In the cold season, in a locality accustomed to heat more than
to cold, to horizontality more than to a mountain,
a child was born in a cave in order to save the world;
it blew as only in deserts in winter it blows, athwart.
To Him, all things seemed enormous: His mothers breast, the steam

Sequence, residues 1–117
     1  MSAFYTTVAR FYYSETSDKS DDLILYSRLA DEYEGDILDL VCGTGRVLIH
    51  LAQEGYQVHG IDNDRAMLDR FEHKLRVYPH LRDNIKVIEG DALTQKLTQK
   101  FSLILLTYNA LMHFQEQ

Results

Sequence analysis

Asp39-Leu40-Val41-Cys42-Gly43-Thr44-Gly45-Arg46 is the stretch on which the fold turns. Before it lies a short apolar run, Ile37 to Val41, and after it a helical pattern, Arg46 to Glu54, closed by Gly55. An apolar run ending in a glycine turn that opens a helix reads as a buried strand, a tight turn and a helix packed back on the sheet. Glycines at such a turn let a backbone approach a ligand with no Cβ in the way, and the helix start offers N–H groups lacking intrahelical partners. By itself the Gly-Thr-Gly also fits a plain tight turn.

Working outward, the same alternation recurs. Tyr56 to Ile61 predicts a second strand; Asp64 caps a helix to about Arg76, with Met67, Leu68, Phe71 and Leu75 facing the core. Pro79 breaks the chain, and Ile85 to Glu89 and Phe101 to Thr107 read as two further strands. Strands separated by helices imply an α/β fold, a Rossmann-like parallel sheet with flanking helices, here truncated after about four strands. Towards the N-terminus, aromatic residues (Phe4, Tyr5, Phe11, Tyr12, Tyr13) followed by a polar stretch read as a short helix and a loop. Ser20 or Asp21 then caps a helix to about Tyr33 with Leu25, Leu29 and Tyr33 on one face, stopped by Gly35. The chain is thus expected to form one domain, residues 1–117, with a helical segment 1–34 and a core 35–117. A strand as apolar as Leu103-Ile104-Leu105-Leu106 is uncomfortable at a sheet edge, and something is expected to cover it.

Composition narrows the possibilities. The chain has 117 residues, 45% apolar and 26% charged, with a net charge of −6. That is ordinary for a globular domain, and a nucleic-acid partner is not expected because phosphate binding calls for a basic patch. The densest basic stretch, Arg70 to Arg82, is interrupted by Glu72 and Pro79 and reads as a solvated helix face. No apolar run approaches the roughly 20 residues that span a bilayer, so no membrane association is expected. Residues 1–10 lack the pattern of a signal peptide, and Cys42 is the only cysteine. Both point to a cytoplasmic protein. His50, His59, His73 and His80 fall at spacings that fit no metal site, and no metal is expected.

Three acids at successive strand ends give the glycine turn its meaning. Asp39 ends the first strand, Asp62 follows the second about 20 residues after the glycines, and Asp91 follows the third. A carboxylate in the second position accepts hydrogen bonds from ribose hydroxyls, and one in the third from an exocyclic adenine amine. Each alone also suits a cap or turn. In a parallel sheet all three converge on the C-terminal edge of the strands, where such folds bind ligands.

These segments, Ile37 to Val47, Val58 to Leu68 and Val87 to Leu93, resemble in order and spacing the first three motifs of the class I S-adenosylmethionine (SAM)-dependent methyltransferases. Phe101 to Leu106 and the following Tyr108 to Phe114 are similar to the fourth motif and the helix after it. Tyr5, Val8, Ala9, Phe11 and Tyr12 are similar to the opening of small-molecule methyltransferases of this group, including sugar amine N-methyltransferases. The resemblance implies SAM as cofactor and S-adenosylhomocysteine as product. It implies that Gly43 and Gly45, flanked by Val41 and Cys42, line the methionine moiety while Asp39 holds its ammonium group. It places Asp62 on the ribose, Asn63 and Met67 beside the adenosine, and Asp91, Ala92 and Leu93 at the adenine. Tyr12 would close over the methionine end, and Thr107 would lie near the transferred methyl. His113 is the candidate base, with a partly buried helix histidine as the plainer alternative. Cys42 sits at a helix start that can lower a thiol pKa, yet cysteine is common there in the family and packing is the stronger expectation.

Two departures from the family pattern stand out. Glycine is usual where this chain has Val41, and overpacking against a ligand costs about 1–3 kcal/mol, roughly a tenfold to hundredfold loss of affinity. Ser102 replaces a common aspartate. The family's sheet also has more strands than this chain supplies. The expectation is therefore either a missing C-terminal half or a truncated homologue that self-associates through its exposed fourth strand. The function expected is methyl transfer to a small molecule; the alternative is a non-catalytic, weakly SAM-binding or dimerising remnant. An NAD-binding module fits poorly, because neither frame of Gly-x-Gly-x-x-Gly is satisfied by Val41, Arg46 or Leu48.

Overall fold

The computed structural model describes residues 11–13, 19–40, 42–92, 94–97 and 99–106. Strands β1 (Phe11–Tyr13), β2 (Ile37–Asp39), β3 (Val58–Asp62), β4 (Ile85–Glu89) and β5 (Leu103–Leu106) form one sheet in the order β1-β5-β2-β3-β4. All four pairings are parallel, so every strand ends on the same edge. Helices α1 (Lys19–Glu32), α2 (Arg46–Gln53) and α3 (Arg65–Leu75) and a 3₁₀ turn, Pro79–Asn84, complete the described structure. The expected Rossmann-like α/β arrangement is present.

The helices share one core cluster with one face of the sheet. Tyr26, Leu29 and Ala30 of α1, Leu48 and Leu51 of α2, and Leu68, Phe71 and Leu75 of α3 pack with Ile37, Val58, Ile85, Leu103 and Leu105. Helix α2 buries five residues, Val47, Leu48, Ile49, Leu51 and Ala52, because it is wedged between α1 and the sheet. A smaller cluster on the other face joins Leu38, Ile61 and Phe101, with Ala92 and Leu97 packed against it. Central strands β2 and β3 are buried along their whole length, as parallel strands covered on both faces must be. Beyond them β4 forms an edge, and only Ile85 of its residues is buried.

out of the ox’s nostrils, Caspar, Balthazar, Melchior – the team
of Magi, their presnts heaped by the door, ajar.
He was but a dot, and a dot was the star.
Keenly, without blinking, through pallid, stray
clouds, upon the child in the manger, from far away –
from the depth of the universe, from the opposite end – the star
was looking into the cave. And that was the Father’s stare.
Joseph Brodsky, december 1987